Wednesday, February 26, 2014

A conversation full of light, mercy and grace

A while back I posted some thoughts on one of the most compelling books I've ever read: The Secret Thoughts of an Unlikely Convert by Rosaria Champagne Butterfield.

This week's White Horse Inn podcast is a conversation between the author and Michael Horton. I hope you check it out.

An Interview with Rosaria Champagne Butterfield

Monday, February 24, 2014

What evolution can't explain (Chesterton)

It is not contended here that these primitive men did wear clothes any more than they did weave rushes; but merely that we have not enough evidence to know whether they did or not. But it may be worthwhile to look back for a moment at some of the very few things that we do know and that they did do. . . . we do know that they did have pictures; and the pictures have remained. And there remains with them, as already suggested, the testimony to something that is absolute and unique; that belongs to man and to nothing else except man; that is a difference of kind and not a difference of degree. A monkey does not draw clumsily and a man cleverly; a monkey does not begin the art of representation and a man carry it to perfection. A monkey does not do it at all; he does not begin to do it at all; he does not begin to begin to do it at all. A line of some kind is crossed before the first faint line can begin.

Quote from the chapter called "Professors and Prehistoric Men" in The Everlasting Man

Tuesday, February 4, 2014

Philip Seymour Hoffman (1967 - 2014)

When I heard the news of Philip Seymour Hoffman's death on Sunday afternoon it hit me harder than I would have expected. The melancholy has lingered and I couldn't have said exactly why until reading Ross Douthat's tribute, where he captures why Hoffman meant so much to those of us of roughly the same generation of film buffs.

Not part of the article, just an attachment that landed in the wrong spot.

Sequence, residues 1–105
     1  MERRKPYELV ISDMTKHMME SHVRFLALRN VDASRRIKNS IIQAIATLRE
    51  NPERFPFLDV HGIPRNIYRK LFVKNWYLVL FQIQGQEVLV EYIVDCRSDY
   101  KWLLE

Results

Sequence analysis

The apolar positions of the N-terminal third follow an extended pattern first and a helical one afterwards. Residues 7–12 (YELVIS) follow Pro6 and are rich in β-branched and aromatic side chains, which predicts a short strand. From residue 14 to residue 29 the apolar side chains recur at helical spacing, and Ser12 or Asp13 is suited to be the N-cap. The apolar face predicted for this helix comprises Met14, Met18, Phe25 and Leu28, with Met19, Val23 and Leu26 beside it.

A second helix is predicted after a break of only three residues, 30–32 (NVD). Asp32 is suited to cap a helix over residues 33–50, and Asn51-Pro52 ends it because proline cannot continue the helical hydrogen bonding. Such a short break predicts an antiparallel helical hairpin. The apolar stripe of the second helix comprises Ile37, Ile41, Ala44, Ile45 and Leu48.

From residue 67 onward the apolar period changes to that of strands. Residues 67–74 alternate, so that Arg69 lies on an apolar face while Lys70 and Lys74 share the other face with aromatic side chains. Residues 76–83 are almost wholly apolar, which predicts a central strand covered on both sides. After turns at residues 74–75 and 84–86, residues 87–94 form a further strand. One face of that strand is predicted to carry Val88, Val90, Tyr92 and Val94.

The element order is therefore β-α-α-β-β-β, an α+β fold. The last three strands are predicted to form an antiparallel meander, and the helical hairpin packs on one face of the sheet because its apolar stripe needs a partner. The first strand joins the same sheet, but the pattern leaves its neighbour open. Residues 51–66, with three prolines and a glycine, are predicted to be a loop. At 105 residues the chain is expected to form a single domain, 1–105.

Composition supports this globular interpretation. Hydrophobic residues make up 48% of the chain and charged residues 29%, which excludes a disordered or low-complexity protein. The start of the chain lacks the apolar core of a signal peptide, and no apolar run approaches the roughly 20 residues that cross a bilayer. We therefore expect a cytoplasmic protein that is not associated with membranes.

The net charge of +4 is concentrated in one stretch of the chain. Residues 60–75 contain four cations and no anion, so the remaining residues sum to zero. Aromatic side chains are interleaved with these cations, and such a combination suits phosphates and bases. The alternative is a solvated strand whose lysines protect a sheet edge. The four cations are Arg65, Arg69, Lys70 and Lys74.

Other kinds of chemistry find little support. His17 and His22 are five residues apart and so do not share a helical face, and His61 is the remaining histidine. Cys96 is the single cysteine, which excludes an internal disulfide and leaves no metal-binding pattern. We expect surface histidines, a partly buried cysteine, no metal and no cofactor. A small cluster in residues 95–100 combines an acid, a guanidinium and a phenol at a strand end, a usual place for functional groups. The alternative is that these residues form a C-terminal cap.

So his greatness was not the kind of greatness that we’re used to from our actors, and its full measure seems fully apparent only in hindsight, now that he’s been taken from us. Or at least that’s how it seems to me, and maybe this is mostly just a highly personal reaction … because Hoffman began to deliver great performances around the time I began to really appreciate the movies — during my late teenage years, so that “The Big Lebowski” and “Boogie Nights” and “Magnolia” and “The Talented Mr. Ripley” (“Tommy — how’s the peeping?”) are all clustered together in my memory, and he stands out as one of the first contemporary actors whose work I really, truly noticed. But in noticing it, I also came to take it for granted, as something that would always be there, something to be counted on, something as essential to the moviegoing experience as previews and popcorn, blockbusters in the summer and Oscar bait in the fall.

That's it. The last few days I've been recalling memorable Hoffman performances and it's funny how many of them came in films that were revelatory experiences during the time when I was morphing from casual moviegoer to devoted lover of motion pictures. The first Hoffman role I thought of when I saw the Breaking News headline on CNN was the hospice nurse Phil Parma in P.T. Anderson's Magnolia (I can remember exactly where I was sitting, stunned, in the movie theater as the closing credits rolled on that one). Happily someone has uploaded one of Phil/Philip's scenes to YouTube. I post it here as tribute.